Survey Data

Reg No




Categories of Special Interest

Architectural, Artistic, Social

Original Use

Shop/retail outlet

In Use As



1870 - 1890


315805, 234134

Date Recorded


Date Updated



Corner-sited attached three-bay four-storey with attic accommodation former commercial building, built c.1880, having two-bay elevation to south. Now in use as restaurant. Hipped slate roof having terracotta ridge tiles, half-dormer windows to front (east) and south elevations, red brick chimneystacks with brick dressings and clay pots, cast-iron rainwater goods. Red brick parapet having masonry coping and moulded brick eaves course. Red brick walls, laid in Flemish bond over carved granite plinth course, having brick string courses and moulded terracotta plaques. Paired and single segmental-headed window openings with continuous brick sill course, granite sills, and moulded yellow brick hood mouldings, with one-over-one pane timber sliding sash and timber casement windows to upper floors. Oriel windows having carved timber cornices on timber brackets and hipped tiled roof, timber sills, apron and casement windows to east elevation. Square-headed window opening to attic, having pitched roof and timber bargeboards. Elliptical-headed window openings with carved granite sills and iron window guards, bull-nosed brick surrounds and timber casement windows having iron aprons to front and tiled aprons to south elevation. Round-headed door opening with bull-nosed brick voussoirs, moulded surround, fluted terracotta keystone, granite steps, double-leaf timber panelled door and plain fanlight to east elevation. Elliptical-headed door opening having bull-nosed brick surround, recent double-leaf half-glazed timber panelled door and overlight with recent steel panels to south elevation. Situated at junction of Anglesea Street and Cope Street.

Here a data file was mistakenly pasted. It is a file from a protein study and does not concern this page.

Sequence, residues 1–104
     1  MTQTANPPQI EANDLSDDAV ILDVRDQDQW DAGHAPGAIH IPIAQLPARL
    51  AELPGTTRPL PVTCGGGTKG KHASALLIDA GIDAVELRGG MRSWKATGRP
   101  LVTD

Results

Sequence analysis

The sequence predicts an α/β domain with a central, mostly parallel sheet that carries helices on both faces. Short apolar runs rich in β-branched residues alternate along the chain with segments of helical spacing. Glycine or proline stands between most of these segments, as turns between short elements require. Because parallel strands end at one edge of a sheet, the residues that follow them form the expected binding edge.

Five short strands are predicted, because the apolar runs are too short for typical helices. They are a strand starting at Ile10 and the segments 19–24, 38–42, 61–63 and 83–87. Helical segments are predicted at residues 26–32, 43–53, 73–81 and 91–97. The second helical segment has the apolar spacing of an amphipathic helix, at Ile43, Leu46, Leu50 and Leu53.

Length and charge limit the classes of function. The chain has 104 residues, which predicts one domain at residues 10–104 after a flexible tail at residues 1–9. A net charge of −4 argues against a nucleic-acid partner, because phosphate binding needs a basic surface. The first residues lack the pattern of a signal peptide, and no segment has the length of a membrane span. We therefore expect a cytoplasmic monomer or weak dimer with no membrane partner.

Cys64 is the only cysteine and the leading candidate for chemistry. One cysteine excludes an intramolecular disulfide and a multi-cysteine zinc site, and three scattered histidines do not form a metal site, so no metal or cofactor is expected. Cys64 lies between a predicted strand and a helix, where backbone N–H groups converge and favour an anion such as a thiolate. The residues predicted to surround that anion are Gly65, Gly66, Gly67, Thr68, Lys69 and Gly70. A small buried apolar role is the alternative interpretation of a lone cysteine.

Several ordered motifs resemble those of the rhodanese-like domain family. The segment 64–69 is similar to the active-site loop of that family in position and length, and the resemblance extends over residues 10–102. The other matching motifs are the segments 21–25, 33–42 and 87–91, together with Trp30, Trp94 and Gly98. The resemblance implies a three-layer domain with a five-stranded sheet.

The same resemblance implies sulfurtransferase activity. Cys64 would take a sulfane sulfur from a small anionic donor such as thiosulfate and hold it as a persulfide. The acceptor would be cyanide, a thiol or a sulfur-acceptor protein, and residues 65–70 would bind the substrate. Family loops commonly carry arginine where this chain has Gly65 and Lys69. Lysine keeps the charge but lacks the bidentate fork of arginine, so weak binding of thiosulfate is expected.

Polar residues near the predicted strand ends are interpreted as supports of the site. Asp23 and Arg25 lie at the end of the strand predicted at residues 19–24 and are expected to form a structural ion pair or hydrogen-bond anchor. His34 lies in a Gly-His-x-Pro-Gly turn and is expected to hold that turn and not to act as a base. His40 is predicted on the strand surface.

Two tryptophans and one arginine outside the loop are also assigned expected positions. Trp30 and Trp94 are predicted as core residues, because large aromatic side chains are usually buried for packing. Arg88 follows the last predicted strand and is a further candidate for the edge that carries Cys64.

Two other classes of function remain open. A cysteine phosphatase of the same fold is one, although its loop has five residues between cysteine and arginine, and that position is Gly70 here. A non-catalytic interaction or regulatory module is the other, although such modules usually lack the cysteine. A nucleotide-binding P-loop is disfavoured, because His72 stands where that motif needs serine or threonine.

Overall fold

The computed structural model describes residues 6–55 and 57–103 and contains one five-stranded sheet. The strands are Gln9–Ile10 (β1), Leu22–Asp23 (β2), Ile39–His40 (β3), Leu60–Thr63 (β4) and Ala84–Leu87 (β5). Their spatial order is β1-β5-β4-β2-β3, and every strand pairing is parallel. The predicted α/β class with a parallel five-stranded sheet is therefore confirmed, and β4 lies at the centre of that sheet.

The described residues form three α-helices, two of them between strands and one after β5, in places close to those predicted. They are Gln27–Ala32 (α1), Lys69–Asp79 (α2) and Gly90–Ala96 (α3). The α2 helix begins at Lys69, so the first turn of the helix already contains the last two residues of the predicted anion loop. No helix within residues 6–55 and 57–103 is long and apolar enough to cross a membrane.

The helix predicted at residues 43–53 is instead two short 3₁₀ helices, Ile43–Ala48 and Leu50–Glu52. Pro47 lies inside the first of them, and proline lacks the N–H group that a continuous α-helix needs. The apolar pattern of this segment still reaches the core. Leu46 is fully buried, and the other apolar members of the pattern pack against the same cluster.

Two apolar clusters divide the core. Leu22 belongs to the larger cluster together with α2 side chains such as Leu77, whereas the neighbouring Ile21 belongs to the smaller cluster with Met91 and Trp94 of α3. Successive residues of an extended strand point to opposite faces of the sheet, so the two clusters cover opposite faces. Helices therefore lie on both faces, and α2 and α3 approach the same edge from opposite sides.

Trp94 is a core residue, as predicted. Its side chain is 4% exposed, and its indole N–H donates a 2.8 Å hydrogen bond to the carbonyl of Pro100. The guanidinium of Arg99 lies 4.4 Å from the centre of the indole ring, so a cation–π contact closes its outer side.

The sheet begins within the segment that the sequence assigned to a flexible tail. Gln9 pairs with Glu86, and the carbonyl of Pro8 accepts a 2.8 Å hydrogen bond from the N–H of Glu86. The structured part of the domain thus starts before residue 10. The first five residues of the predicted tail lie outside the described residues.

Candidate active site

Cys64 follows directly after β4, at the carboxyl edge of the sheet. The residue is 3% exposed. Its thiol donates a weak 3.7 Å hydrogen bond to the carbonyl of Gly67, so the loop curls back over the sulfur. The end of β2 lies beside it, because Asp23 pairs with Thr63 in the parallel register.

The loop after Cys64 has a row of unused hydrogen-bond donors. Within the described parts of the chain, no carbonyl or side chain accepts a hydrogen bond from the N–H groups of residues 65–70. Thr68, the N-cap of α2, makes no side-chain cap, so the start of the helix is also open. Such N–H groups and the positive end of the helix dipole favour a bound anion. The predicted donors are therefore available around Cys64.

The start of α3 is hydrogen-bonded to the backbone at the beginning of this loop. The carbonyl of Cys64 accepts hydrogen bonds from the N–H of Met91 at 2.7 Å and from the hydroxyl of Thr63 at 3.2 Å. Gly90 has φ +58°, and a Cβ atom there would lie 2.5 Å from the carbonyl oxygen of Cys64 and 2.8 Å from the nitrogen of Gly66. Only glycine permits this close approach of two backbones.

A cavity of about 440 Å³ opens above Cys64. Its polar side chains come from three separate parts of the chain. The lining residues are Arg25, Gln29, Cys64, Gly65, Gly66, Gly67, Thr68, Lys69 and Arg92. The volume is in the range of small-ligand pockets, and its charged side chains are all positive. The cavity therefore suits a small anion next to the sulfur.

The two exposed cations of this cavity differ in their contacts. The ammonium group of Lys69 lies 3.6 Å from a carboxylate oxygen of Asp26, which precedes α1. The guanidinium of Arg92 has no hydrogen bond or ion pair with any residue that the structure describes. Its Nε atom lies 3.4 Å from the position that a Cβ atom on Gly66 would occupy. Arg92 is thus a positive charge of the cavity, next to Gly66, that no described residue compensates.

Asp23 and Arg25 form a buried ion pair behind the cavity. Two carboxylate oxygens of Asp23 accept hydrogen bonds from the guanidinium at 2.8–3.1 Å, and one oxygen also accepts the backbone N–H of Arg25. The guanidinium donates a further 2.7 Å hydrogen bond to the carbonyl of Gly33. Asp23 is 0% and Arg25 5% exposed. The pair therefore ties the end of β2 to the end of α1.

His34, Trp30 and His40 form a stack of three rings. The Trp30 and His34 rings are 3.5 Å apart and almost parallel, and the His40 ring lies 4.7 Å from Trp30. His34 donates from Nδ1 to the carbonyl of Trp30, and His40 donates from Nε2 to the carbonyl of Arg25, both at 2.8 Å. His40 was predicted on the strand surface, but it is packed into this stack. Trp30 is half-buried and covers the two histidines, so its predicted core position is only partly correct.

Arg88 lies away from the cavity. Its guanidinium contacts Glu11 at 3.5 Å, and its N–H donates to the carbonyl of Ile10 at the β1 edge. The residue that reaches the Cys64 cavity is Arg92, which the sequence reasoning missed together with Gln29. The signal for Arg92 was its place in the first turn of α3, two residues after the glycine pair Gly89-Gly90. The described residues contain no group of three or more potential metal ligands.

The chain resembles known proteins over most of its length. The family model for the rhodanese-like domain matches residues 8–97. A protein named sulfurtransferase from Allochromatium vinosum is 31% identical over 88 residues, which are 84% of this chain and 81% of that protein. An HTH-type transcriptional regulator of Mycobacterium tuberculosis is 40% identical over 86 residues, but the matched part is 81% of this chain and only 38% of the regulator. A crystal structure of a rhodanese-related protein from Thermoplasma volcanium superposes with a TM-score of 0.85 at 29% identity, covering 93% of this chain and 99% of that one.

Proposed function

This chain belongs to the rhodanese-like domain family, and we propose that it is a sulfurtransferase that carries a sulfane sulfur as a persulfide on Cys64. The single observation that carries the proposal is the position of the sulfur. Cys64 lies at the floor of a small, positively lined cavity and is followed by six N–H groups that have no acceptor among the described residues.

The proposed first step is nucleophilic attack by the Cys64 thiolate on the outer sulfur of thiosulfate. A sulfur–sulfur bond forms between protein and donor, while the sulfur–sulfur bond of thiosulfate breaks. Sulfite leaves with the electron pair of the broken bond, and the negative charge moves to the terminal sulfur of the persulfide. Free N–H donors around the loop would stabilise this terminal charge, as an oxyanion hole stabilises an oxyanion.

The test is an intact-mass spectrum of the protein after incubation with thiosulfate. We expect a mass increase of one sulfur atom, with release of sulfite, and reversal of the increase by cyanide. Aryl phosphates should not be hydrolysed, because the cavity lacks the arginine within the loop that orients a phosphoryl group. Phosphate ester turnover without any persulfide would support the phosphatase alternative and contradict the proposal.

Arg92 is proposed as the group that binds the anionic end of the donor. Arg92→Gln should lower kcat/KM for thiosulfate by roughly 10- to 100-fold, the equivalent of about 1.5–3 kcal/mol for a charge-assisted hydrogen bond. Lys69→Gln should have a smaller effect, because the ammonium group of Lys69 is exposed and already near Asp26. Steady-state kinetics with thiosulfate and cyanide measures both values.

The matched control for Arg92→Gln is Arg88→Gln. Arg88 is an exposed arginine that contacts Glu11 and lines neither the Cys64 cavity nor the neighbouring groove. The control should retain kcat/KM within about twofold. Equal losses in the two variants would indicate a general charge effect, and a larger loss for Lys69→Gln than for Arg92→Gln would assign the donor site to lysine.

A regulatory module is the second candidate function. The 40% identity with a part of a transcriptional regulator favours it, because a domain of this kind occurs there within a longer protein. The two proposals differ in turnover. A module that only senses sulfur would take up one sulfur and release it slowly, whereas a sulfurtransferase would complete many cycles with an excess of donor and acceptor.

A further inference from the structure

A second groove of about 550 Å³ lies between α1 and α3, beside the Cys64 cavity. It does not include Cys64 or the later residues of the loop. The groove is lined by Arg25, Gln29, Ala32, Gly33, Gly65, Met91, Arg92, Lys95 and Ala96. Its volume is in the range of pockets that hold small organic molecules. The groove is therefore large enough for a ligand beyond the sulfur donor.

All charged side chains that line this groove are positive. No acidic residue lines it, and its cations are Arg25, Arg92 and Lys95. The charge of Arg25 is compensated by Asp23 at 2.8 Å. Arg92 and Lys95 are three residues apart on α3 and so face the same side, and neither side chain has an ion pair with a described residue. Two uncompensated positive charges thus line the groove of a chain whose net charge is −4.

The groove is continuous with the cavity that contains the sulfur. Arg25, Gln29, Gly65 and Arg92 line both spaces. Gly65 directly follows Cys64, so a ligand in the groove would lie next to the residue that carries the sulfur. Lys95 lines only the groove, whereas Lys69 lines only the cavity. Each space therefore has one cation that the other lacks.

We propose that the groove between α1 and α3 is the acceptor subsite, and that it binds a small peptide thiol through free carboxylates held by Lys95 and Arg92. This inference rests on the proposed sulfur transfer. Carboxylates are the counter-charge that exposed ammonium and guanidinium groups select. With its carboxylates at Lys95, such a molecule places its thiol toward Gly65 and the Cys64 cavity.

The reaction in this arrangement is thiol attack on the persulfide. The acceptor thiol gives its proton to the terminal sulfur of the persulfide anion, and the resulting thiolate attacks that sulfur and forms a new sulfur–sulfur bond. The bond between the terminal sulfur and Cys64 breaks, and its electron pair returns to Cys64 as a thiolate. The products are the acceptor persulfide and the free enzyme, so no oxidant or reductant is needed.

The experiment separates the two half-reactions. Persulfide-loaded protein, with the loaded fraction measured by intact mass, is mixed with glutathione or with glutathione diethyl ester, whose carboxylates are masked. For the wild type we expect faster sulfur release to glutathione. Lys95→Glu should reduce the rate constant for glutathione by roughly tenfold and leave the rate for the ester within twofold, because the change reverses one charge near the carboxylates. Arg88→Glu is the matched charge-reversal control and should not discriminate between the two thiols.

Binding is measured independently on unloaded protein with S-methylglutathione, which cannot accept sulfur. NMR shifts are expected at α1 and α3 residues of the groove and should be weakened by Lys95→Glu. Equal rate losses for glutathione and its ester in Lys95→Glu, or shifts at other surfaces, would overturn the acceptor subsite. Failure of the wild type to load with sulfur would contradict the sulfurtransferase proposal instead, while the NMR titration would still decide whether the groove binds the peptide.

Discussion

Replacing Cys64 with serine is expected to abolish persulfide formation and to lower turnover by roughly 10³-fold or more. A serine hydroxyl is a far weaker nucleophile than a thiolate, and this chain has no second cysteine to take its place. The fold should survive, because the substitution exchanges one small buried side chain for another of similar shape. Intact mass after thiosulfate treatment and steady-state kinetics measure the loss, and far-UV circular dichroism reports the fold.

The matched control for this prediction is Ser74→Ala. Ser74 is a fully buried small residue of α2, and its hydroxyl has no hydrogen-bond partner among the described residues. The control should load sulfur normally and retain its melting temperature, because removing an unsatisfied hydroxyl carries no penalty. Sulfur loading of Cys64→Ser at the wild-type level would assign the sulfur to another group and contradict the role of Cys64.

Anglesea Street was named after Arthur Annesley, Earl of Anglesea, who held a substantial parcel of land in the area in the late seventeenth century. It was largely developed by the mid-eighteenth century and appears on John Rocque’s 1756 map of Dublin. A substantial phase of rebuilding in the late nineteenth century was stimulated by the construction of the new stock exchange building on the east side of the street in 1879. This is a substantial brick building characteristic of the period, with extensive use of moulded brick and terracotta detailing. The variety of openings, arranged symmetrically, create a pleasantly balanced facade. Terracotta panels add subtle decorative interest. It occupies a prominent corner site which is emphasised by its form and scale, and makes it a striking contribution on the streetscape.